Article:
Guy C. Bauman. "The Jack and Belle Linsky Collection in the Metropolitan Museum of Art: Addenda to the Catalogue." Metropolitan Museum Journal 21 (1986), pp. 154–59, no. A.1, ill. (color, overall and details), as by Joos and a collaborator, about 1525; notes that the landscape in the Crucifixion triptych (MMA 41.190.20a–c) is very similarly painted, also without underdrawing, and may be the work of the same specialist; observes that the background scenes suggest that the subject in the foreground is meant to be the Rest on the Flight into Egypt; suggests that the infant Christ asleep against his mother's breast is an allusion to the Lamentation when she will hold her dead son; indicates that the still-life elements in the painting relate symbolically to the theme of mankind's salvation and elaborates on their iconography; identifies the inscription on the recto page of the open book as the opening words of the De Profundis (Psalm 130:1–2), followed by the Gloria Patri, and the text on the verso page as the closing words of the Magnificat (Luke 1:54–55)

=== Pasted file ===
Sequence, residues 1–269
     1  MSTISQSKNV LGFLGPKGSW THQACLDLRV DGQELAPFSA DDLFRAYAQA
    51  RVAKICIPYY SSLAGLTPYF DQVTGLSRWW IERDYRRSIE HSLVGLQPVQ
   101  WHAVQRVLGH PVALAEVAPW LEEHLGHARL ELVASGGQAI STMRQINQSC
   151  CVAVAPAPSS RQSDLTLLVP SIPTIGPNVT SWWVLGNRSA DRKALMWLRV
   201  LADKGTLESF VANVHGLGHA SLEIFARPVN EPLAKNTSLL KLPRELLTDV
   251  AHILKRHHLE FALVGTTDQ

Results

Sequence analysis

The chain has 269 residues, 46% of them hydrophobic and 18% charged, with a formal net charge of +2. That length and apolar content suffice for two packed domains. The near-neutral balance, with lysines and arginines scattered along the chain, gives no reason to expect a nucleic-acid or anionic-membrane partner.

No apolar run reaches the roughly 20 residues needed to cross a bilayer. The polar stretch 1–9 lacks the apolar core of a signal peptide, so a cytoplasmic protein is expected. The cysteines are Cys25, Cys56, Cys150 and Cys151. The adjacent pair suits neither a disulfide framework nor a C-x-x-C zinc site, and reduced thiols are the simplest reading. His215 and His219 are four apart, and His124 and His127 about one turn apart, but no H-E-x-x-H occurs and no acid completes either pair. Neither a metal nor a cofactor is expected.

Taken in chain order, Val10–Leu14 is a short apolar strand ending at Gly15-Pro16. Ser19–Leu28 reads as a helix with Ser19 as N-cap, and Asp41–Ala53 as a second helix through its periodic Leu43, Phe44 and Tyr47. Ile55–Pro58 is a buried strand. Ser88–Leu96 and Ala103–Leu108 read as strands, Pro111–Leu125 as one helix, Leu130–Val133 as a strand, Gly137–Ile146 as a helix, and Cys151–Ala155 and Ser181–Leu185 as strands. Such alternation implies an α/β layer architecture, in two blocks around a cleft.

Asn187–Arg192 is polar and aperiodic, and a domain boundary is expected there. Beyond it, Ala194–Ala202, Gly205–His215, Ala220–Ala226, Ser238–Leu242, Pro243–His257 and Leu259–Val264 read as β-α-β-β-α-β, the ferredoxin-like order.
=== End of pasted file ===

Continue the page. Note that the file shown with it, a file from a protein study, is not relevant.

Elisa Bermejo Martinez. "Una virgen con el niño, de Joos van Cleve, monogramada y noticias sobre una adoración." Archivo español de arte 64 (July–September 1991), pp. 350–51, fig. 3, compares our picture to a version now in a Spanish private collection, claiming that the latter work is monogrammed by Joos.
Introduction by Walter A. Liedtke in Flemish Paintings in America: A Survey of Early Netherlandish and Flemish Paintings in the Public Collections of North America. Antwerp, 1992, p. 343, no. 288, ill.
Jochen Sander. Niederländische Gemälde im Städel, 1400–1550. Mainz, 1993, pp. 220–21, ill., discusses it in connection with a related work by an "Antwerp (?) Master about 1525" in the Städel.